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Old 08-14-2011, 12:17 PM   #51
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I've had a friend or 20 over the years (b.c., that is before we all had the internet) borrow cookbooks and promise me not to splash food on them. Heck, I'm considered a meticulous housekeeper by most of my friends, but if your stuff looks like no one ever cooked with it ... well ....
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Old 08-15-2011, 07:19 AM   #52
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I know I wasn't very helpfull. I've never had to throw a pot or pan away besides the many teflon skillets I actually buy knowing they have a small shelf-life. Mom used to buy them, then toss them on a bush to dry when they had outlived their use, as part of our camping gear. I once burned something in a Revere ware pan (the cookware of choice for decades of my life), and thought the pot was dead, no recovery. I put some soapy water in it and put it outside and, really, considered it dead. Strangely enough, when I recovered it, it cleaned right up. But when I gave up copper pans, it was for a reason ... I don't want to spend more time on my cookware than I do on my nice table ware. It needs to be clean, but not show-off beautiful.
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Old 08-15-2011, 10:43 AM   #53
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Originally Posted by Claire View Post
I know I wasn't very helpfull. I've never had to throw a pot or pan away besides the many teflon skillets I actually buy knowing they have a small shelf-life. Mom used to buy them, then toss them on a bush to dry when they had outlived their use, as part of our camping gear. I once burned something in a Revere ware pan (the cookware of choice for decades of my life), and thought the pot was dead, no recovery. I put some soapy water in it and put it outside and, really, considered it dead. Strangely enough, when I recovered it, it cleaned right up. But when I gave up copper pans, it was for a reason ... I don't want to spend more time on my cookware than I do on my nice table ware. It needs to be clean, but not show-off beautiful.
your pragmatic mind and views are indeed helpful, and always welcome, claire....
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Old 08-15-2011, 02:18 PM   #54
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Thank you, Vitauta. Assuming you weren't being facetious! But even if you were, if I had to get everything in my house as perfectly clean as my mom raised me to do, I'd have a clean house but no life. To me, some things are meant to be utilitarian. It has to be clean, it has to be utilitarian, too. If I have to spend more time cleaning a pot or pan than I spend cooking in it, it, to me, is useless. If a well-meaning friend/relative uses the wrong cleanser and "mars" the surface of a pan or pot, it will not break my heart.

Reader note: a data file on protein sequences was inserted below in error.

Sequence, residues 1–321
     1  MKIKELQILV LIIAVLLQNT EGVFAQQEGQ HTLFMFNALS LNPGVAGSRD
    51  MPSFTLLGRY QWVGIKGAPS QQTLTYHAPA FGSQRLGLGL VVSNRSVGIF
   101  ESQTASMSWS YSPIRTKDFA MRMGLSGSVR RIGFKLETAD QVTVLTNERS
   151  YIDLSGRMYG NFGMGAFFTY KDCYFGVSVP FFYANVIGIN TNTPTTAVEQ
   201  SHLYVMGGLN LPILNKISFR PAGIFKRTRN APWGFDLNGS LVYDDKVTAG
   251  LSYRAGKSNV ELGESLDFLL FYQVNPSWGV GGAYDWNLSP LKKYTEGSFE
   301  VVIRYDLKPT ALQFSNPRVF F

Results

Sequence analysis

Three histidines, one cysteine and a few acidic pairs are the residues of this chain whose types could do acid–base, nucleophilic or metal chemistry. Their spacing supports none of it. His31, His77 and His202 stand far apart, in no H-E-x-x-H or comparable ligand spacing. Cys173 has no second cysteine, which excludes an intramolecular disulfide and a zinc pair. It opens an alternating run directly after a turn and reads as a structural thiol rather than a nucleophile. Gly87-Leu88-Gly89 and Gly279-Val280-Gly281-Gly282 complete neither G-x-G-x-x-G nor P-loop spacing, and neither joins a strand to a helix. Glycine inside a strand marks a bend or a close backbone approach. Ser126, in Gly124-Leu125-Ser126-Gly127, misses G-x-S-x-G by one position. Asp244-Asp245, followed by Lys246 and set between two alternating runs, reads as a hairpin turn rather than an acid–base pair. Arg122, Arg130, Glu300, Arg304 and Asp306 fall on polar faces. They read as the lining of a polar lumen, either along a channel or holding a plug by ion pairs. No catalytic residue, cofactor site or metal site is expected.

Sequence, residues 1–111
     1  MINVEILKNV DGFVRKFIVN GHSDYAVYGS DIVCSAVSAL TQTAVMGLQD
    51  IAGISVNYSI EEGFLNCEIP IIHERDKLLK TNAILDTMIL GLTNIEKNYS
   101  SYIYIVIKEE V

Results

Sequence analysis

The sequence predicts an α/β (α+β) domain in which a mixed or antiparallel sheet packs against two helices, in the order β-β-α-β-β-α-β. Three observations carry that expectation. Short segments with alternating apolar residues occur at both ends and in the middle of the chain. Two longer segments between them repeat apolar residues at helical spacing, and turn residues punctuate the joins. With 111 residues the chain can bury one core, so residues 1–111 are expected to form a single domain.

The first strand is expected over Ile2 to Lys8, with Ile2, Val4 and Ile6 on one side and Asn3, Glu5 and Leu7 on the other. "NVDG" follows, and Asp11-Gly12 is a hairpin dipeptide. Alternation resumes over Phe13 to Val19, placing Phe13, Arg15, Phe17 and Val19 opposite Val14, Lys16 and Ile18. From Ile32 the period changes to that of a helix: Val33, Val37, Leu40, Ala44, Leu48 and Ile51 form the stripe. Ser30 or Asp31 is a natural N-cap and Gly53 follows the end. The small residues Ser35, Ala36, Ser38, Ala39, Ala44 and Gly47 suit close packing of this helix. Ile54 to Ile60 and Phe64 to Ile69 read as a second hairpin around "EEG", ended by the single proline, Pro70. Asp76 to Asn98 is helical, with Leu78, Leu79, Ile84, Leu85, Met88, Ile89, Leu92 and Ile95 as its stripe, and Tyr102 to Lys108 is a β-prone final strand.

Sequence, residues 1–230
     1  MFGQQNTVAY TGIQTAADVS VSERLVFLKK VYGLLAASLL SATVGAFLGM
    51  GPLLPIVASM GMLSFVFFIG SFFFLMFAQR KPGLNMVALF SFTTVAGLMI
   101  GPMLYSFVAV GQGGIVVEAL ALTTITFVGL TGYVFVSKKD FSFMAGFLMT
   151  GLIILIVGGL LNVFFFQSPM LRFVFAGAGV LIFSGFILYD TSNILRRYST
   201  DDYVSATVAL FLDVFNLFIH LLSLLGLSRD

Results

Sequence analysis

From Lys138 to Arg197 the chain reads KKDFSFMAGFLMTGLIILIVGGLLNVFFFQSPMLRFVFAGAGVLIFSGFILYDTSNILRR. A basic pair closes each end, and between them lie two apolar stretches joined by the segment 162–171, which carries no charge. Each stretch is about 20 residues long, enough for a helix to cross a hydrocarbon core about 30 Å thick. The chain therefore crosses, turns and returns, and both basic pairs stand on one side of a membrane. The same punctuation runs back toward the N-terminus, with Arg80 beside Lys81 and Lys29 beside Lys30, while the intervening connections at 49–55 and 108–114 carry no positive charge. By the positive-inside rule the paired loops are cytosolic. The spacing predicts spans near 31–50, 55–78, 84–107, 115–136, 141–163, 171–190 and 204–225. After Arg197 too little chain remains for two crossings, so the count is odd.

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Old 08-15-2011, 05:38 PM   #55
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Thank you, Vitauta. Assuming you weren't being facetious! But even if you were, if I had to get everything in my house as perfectly clean as my mom raised me to do, I'd have a clean house but no life. To me, some things are meant to be utilitarian. It has to be clean, it has to be utilitarian, too. If I have to spend more time cleaning a pot or pan than I spend cooking in it, it, to me, is useless. If a well-meaning friend/relative uses the wrong cleanser and "mars" the surface of a pan or pot, it will not break my heart.
vive la difference, claire, and beauty truly is in the eye of the beholder! to me, the ss saucpan i've been writing about, is more than just a kitchen tool. it is a thing of beauty. silverware, on the other hand, is not. i guess i spent too many saturday afternoons, as a child, polishing silverware. to me it came to represent not beauty, but drudgery. and an obstacle to my youthful yearnings and fancies. as an adult, i own no silver flatware, and few pieces of any kind involving silver or copper. stainless and chrome, though....i say live and let live.
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